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Image 3.

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Conclusion:

Yes, diffusing light helps to stop reflections. I am not sure tracing paper is the way forward though and I won’t be trying this again until I have a light tent at my disposal. The technique described in the folder was very difficult for me as my balance isn’t much good and I am prone to falling and tripping….hence it looks like I haven’t made much effort here. To be honest I prefer the original image. If you choose your surroundings well then you can be creative with reflection. I do understand that commercial photographers have specific briefs but this genre in a commercial setting is not for me.

Lecture: Jeff Morgan.

Today I attended an all day camera club lecture by professional commercial photographer Jeff Morgan. I don’t belong to a Camera Club but was invited to go along by friends.

The day was another revision of old ground but it was good to look at the work of a professional commercial photographer and hear him speak about may issues surrounding the practicalities of landscape photography and I came away with some useful tips and things to consider that I won’t mention here because it isn’t relevant to this module.
There was much work I admired though and in the mix of the work spoken about there was HDR.
HDR is a method for taking multiple exposures to then merge and render a ‘good’ exposure from otherwise difficult lighting situations.
It got me thinking about HDR.  I have never dabbled with multiple exposures as I haven’t, up until fairly recently, had the software to achieve HDR work. I have learnt to work around difficult lighting in one frame through the best exposure I can achieve and some light dodge and burning in Lightroom that has often left an atmospheric image that is quite unique to me (well, within my peers) and more inspired by early film.
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This is far from a criticism of Jeff Morgans work but a recognition in the realisation of my own personal preferences.
I don’t like HDR. The need for detail in every corner of a dark room at the expense of atmosphere is just not for me.  This, to my mind, isn’t a natural solution to challenging situations. Sure it has it’s place and if a brief requires an outcome that can only be achieved by HDR then so be it and on that basis I guess it is a useful tool.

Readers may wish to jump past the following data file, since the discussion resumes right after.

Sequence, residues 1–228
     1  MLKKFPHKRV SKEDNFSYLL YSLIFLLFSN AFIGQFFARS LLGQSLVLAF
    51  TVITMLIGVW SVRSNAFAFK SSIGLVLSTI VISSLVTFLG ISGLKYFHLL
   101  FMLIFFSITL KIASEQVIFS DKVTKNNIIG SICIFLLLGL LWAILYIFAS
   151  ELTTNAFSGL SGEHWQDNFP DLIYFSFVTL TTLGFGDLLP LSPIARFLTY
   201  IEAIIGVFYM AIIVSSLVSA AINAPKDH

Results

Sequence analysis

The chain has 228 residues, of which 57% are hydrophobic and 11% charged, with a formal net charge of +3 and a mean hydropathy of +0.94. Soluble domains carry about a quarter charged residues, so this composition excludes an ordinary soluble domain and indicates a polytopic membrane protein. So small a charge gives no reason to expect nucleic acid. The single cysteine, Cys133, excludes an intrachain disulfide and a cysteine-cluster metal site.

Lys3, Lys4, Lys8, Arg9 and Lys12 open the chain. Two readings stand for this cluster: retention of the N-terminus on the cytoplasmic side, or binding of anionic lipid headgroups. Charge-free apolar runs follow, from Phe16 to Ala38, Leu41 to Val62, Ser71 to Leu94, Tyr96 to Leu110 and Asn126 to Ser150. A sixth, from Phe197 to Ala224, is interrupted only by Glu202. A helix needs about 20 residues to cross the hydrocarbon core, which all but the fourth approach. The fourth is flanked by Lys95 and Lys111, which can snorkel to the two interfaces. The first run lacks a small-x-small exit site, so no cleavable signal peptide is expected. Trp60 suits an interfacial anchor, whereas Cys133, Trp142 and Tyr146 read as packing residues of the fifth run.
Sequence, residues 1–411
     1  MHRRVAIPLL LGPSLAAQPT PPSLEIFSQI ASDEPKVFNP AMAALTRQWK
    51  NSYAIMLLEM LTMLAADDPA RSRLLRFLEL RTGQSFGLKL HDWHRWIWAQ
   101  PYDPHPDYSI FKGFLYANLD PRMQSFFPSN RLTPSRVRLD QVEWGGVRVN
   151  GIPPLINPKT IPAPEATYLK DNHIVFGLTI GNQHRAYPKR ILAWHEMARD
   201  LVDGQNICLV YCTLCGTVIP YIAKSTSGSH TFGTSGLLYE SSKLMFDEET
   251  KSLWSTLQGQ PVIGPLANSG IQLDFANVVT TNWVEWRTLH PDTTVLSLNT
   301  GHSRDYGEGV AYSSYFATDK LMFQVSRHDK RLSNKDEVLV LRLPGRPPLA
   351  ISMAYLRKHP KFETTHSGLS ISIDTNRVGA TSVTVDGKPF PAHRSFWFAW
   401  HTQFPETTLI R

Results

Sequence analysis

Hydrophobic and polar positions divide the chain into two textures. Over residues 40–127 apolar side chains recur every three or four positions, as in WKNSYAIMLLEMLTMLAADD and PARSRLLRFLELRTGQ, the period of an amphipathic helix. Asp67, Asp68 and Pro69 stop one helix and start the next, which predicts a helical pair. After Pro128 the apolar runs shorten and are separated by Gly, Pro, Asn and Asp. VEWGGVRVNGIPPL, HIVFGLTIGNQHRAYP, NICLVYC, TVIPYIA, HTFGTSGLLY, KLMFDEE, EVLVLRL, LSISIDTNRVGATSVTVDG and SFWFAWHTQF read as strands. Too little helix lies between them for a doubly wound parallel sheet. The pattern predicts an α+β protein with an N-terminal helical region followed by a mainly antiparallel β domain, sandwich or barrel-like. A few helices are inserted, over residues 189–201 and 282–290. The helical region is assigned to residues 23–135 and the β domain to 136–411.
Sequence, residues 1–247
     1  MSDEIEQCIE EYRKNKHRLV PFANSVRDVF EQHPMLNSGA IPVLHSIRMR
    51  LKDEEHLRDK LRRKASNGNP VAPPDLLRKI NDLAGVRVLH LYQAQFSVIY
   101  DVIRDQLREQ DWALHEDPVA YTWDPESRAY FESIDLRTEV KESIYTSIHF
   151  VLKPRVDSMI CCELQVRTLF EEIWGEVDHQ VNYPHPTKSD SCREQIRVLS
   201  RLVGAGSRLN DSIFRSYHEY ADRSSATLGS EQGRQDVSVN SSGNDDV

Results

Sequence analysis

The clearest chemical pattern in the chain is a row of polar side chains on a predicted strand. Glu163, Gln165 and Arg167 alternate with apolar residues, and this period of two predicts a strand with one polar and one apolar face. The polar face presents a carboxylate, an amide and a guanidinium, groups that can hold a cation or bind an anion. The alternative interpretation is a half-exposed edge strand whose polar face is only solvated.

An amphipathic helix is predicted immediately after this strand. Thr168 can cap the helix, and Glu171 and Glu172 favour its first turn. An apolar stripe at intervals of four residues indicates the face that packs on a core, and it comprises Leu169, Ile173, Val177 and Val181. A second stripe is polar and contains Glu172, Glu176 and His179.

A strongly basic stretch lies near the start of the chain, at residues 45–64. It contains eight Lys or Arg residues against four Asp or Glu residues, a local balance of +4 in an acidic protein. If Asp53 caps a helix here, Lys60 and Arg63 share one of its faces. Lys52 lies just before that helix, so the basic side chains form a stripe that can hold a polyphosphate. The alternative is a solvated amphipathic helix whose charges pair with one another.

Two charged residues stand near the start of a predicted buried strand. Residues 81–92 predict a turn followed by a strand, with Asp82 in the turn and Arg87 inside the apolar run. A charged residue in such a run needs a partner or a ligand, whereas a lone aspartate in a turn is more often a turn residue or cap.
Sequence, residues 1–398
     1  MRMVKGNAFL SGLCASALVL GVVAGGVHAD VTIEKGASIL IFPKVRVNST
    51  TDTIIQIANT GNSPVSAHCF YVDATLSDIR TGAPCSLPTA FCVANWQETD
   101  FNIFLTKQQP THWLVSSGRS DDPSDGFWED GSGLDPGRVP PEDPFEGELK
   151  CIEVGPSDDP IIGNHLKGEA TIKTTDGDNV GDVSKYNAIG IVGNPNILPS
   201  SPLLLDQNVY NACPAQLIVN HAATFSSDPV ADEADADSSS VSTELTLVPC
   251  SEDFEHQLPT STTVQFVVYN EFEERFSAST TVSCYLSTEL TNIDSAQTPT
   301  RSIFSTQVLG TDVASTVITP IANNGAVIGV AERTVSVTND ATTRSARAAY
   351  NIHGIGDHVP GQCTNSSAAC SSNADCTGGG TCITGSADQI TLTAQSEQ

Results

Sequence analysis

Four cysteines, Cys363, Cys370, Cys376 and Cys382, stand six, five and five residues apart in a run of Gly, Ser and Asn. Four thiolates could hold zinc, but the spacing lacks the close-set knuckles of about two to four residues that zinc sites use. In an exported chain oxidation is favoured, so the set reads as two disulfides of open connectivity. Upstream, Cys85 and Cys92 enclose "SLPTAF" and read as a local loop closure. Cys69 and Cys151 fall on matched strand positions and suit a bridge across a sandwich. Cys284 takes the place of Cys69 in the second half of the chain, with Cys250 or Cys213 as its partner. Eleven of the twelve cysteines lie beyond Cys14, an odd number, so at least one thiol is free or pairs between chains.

I have, however, seen some wonderful landscape images in the past that turned out to be HDR. I have come to the conclusion that there is HDR and …..HDR. I believe the unofficial terminology for HDR evident work is ‘overcooked’ and whilst it’s harsh terminology I am inclined to agree.  HDR work that looks natural to the point an image could pass as a single frame is where it is at for me.  I fully appreciate this is a mere personal opinion and an opinion that would cause heated debate on any forum. But …….
My conclusion:
I love shadow and I’ll happily lose some detail in favour of atmosphere.
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Kilmainham Gaol, Dublin. Taken last week.
 

Douglas Fitch and Andrew Grundon – Documentary portraiture.

During the last six months I have enjoyed seeing some of my hard work start to pay off.

The long awaited Schieffer Book ‘100 Contemporary Artists – Wood Fired Ceramics’ was published. Two images of mine appeared in this reference book.  These images were taken two years ago:

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The same potter and his best friend Andrew Grundon were photographed together at roughly the same time. Andrew Grundon is a fine artist and along side his many fabulous creations he works for St Austell Brewery painting pub signs – the old fashioned way.  It was a great honour to see my photograph replicated and placed above a pub in Wellington, Somerset.

The original:

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The resulting painting:

This image of the sign was provided to me by Andrew Grundon.

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Devon Life magazine have, this month, run an article on Douglas Fitch and his partner Hannah McAndrew.  This was the first magazine work to be published:

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This image was printed in The Big Issue (North) with thanks to the OCA: